Status Report

NASA Mars Picture of the Day: Raising Dust 12-21-2003

By SpaceRef Editor
December 21, 2003
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Mars Global Surveyor Mars Orbiter Camera

MGS MOC Release No. MOC2-581, 21 December 2003




NASA/JPL/Malin Space Science Systems

Dust storms are a common occurrence on the extremely arid
planet, Mars. However, very rarely do we get to see the actual
process of dust being lifted off the martian surface to
feed these dust storms.
This Mars Global Surveyor (MGS) Mars Orbiter Camera (MOC)
image captures some of the dust-raising process in action. The
picture shows a shallow trough with large, ripple-like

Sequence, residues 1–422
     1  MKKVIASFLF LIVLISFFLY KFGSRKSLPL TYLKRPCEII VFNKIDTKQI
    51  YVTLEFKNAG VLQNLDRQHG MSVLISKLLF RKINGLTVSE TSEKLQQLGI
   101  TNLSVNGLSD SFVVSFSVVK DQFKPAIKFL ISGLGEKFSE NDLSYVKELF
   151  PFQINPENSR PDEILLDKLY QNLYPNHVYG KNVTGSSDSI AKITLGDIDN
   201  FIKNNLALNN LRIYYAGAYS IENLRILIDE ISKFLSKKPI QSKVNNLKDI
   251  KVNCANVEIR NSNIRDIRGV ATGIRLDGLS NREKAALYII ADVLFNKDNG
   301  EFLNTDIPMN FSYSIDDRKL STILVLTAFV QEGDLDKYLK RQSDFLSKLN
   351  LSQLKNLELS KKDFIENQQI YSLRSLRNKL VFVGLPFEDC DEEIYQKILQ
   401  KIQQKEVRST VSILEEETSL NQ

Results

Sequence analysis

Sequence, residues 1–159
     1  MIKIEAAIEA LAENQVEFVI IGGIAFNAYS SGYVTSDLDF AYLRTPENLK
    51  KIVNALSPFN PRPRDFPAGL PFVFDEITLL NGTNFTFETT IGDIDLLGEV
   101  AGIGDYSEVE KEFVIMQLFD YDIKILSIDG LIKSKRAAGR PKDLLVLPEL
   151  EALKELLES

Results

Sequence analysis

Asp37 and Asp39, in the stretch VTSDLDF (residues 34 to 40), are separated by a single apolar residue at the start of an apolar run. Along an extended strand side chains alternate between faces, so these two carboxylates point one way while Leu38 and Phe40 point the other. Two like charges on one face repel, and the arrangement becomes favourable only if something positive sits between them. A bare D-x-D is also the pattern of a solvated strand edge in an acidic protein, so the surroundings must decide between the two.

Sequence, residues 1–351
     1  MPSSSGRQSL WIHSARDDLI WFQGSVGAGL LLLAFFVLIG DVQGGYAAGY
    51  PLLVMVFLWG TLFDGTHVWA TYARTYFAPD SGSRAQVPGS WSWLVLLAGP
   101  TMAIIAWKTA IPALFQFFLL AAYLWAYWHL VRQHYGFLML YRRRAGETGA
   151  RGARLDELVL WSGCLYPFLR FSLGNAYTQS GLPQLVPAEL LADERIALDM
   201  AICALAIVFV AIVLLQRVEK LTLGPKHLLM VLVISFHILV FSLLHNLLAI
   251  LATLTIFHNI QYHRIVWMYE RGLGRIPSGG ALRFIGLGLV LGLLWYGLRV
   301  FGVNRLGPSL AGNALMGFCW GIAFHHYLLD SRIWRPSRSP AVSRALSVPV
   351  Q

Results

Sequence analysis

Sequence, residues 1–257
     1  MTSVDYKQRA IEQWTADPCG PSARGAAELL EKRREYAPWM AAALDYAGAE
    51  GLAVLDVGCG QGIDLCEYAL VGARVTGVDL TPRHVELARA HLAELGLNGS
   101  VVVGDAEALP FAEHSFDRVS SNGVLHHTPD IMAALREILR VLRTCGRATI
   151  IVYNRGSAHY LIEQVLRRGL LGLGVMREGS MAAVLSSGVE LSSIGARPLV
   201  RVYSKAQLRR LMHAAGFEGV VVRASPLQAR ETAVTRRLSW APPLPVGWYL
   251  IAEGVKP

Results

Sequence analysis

dunes on its floor. Sunlight illuminates the scene from the
upper left. Puffy, billowy clouds of dust obscure some of the
surface from view. Closer inspection shows streamers of dust,
streaking from left/upper left toward right/lower right, down
near the surface of the planet. It is in these streamers that
dust is being lifted from the ground.
This image is located near 29.6°S, 73.1°W, and
covers an area 3 km (1.9 mi) wide.

Malin Space Science Systems and the California Institute of Technology
built the MOC using spare hardware from the Mars Observer mission.
MSSS operates the camera from its facilities in San Diego, California.
The Jet Propulsion Laboratory’s Mars Surveyor Operations Project
operates the Mars Global Surveyor spacecraft with its industrial
partner, Lockheed Martin Astronautics, from facilities in Pasadena,
California and Denver, Colorado.

SpaceRef staff editor.